7. In the current economic climate, some large building projects appear to be experiencing problems and many local shops are vacant. What guarantee is there that this major application will actually deliver promised benefits?
8. The proposed public benefits do not outweigh the harm likely to be caused to the surrounding heritage assets and the community by a much taller Tower which the Council found to be of “insufficient high design quality”.
9. Letting one developer build an excessively tall Tower could create a precedent, opening the floodgates for other Towers on Notting Hill Gate and elsewhere in west London.
10. Kensington & Chelsea’s own Architectural Review Panel judged the Tower’s architecture “neither elegant nor accomplished” enough for such a tall building in such a prominent position. The option of renovating and refurbishing the site should be considered. Other of Notting Hill Gate’s 1960s buildings are being refurbished with a modest increase in height, so clearly it is possible to make an economic case to do this.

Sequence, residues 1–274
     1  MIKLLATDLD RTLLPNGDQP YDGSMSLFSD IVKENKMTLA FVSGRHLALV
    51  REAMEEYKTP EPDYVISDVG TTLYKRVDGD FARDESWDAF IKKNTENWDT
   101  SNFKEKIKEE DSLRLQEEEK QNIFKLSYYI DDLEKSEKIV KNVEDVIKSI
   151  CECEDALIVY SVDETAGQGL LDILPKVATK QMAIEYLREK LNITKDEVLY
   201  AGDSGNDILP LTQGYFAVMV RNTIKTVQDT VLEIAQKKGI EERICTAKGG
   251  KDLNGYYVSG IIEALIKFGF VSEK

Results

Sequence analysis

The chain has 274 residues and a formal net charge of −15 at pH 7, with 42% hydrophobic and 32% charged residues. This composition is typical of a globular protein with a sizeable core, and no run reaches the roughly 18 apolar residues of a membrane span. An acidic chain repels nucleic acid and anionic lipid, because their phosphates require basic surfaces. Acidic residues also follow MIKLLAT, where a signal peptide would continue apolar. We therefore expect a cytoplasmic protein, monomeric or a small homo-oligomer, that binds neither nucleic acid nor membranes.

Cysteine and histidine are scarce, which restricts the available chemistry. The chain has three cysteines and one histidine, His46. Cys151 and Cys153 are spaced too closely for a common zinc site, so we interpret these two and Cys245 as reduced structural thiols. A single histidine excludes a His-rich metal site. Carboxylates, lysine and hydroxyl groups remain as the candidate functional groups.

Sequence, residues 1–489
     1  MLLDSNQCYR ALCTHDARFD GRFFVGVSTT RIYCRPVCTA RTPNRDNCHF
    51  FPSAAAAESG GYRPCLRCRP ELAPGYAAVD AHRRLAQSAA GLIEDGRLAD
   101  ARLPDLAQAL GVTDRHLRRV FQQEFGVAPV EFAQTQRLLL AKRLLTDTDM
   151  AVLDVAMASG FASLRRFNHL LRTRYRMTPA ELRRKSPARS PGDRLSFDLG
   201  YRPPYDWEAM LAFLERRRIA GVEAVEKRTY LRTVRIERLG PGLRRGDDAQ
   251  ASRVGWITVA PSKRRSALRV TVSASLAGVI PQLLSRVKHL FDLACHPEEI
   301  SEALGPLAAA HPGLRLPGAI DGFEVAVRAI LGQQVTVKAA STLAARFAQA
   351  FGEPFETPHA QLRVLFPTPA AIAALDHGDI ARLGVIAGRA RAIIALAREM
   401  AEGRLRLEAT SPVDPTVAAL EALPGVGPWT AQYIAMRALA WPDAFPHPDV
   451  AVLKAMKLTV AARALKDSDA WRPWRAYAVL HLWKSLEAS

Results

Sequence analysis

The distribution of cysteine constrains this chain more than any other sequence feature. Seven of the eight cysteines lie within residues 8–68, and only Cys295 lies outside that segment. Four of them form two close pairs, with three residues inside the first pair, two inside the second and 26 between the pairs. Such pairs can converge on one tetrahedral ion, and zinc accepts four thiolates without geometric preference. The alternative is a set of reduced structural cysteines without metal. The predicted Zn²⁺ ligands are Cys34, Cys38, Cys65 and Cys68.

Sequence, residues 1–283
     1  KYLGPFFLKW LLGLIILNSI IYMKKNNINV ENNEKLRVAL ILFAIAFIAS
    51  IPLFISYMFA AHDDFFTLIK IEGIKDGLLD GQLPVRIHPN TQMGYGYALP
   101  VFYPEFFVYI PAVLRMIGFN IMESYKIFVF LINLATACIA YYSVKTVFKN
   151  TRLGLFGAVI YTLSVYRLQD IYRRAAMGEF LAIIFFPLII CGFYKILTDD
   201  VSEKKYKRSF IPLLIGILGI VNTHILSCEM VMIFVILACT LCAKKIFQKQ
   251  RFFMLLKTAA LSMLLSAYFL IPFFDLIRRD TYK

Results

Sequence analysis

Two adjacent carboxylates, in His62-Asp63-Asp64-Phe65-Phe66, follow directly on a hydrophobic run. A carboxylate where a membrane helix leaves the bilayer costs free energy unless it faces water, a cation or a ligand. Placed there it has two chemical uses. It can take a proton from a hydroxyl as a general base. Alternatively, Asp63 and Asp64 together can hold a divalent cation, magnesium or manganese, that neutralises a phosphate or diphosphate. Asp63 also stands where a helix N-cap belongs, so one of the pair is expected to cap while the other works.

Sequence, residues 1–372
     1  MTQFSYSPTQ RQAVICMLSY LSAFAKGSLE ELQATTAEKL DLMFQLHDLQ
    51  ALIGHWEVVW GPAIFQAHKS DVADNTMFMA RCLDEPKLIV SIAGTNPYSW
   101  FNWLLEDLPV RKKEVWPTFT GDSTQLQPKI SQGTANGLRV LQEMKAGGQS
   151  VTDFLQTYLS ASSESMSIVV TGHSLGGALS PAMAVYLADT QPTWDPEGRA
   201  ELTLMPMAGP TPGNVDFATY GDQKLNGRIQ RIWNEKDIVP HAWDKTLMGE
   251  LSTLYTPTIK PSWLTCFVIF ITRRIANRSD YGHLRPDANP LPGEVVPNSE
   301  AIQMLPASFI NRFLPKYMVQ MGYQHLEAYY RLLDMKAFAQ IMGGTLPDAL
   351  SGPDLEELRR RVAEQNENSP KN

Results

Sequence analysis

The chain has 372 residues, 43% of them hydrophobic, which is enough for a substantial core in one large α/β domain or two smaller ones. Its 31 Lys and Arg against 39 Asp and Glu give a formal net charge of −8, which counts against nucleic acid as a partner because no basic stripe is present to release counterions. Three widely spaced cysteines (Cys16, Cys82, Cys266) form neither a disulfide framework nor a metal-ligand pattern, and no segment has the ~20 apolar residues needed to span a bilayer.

Notting Hill deserves better! We do not have to put up with major works and accept a plan just because it is the only one on the table. The current Newcombe House may be tall and unloved but replacing it with something much taller and undistinguished is not the answer. The real test of any regeneration scheme is that it’s better than what it proposes to replace.
ACT NOW to preserve Notting Hill's unique character and stop this inappropriate development: it is too high, its design is out of keeping with the area and the proposals do not provide the kind of housing London needs.
OBJECT NOW on RBKC planning website (www.rbkc.gov.uk/PP/17/05782) – every comment counts!
ENCOURAGE NOW your friends and neighbours, local associations, parents at school gates, press, bloggers, etc, anyone who cares about Notting Hill and our community, to send in their objections to RBKC.
JOIN The Hillgate Village Residents’ Association/HVRA (annual membership £15 per person). DONATE to our fighting fund. SUPPORT our work on this vital matter of concern to our community. Email your contact details to firstname.lastname@example.org.
Issued by The Hillgate Village Residents’ Association/HVRA 5/12/17 – www.hillgatevillage.com